“AI can help answer all the questions we have every day,” says RMS/Accelya’s Ben Druce: “What are my competitors doing? What's driving demand on this flight? Who are you as a consumer?”  

The ability to integrate technologies such as artificial intelligence and machine learning into the airline industry’s traditional processes and legacy systems are changing the practice of revenue management.

At least that’s the promise airlines are hoping for.

To a large extent, that promise has been steadily becoming more true for years. AI tools are commonplace throughout commercial aviation as well as most major industries that touch any kind of digital sales and customer experiences.

But with increasing demand that airlines enhance their data and systems – getting a better sense of what’s possible and necessary now to where AI is headed a year (or even five years) down the road, being able to separate “actionable” from “hype” becomes more of a challenge. We checked in with Ben Druce, VP, Sales, for Revenue Management Systems, an Accelya company, to get his take.

Kambr Media: What's the state of AI in airline revenue management?  

Ben Druce: Right now, AI is in its infancy. A lot of it is theoretical in terms of wondering how it can add value to airlines, specifically in the commercial areas, including revenue management. But all of the vendors are pumping more investment into it. Everyone can see that there's a lot of opportunity there, but no one really knows where it's going to land and what it's going to look like. 

AI is being used by a lot of industries. It's expensive to develop AI and it’s natural that most of the advancement is being promoted by tech companies themselves. For example, Google is spending $20 to $30 billion on AI projects. The airline industry doesn't have that level of capital to invest into R&D.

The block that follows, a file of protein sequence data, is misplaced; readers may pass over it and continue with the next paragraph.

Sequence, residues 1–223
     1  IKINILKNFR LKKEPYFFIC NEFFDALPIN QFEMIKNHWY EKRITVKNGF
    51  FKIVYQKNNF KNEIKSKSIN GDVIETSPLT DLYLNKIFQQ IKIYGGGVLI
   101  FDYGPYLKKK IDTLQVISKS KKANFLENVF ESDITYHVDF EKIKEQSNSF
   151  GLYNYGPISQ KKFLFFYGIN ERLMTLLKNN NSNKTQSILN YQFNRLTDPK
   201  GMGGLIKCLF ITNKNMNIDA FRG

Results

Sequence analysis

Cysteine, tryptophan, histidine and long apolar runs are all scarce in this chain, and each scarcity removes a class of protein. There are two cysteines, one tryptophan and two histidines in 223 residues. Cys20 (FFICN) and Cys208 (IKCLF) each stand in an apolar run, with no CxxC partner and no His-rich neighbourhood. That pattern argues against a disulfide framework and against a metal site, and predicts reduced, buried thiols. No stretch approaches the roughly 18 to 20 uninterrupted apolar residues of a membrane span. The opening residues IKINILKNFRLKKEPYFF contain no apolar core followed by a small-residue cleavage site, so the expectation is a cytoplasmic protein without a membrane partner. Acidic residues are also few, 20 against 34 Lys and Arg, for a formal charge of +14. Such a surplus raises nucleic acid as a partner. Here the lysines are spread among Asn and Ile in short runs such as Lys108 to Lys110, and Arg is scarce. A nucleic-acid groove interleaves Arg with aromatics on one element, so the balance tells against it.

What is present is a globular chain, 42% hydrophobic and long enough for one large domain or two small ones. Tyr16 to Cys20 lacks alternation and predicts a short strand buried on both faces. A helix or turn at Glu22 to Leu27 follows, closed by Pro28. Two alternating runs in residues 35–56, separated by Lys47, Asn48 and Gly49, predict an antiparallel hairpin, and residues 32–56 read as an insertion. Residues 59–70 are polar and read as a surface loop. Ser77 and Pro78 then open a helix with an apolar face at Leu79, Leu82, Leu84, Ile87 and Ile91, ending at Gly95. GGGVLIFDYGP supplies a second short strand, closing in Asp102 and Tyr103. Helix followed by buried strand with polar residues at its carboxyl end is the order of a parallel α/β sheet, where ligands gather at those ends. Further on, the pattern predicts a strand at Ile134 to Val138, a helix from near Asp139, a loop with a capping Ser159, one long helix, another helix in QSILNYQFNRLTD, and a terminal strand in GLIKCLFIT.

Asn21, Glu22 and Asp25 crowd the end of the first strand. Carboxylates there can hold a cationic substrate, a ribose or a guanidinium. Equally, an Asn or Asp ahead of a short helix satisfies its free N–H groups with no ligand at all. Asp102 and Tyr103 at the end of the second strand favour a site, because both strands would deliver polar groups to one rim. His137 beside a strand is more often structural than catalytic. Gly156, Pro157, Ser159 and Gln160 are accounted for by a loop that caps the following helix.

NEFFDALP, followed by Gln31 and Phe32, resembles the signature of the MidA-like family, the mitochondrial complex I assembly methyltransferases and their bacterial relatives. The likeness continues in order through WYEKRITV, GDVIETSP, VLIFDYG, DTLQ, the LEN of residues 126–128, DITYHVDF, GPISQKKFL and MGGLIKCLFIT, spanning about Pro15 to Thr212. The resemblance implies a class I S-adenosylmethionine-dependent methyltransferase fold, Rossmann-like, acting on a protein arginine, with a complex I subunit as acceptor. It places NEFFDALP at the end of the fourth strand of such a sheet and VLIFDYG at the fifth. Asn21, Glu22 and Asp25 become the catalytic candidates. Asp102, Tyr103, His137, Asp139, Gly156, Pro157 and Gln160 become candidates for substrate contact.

Should airlines – and related industry vendors – look to companies like Google that are from outside the traditional airline vendor relationship?  

Ultimately, the airline industry can leverage what companies like Google develop and build. It doesn't make sense for every vendor and every airline to build their own AI when there could be a selection of AI tools available that can be leveraged and tapped into without spending billions of dollars. That's where it's going to go. 

How do you expect the emergence of AI programs to impact revenue management capabilities? 

The use cases for AI within revenue management will certainly be more complex. 

When airline revenue management first evolved in the ‘80s, the concept was to use mathematical models to automate a lot of those decisions. Even then, the idea was that automation would allow humans to concentrate on where the real revenue opportunities were. The goal was to have 90 percent or more of the inventory automatically controlled. 

Things have changed a lot in the industry over the past 20, 30 years. Revenue management isn’t just looking at bookings in a certain fare class to make a decision. It’s about looking at competitive fare information, look-to-book information from websites. Revenue managers are looking at event information. They're looking at ancillary sales. 

AI can interpret and process much larger quantities of data, and now that technology has caught up in terms of processing big data, big lakes of data.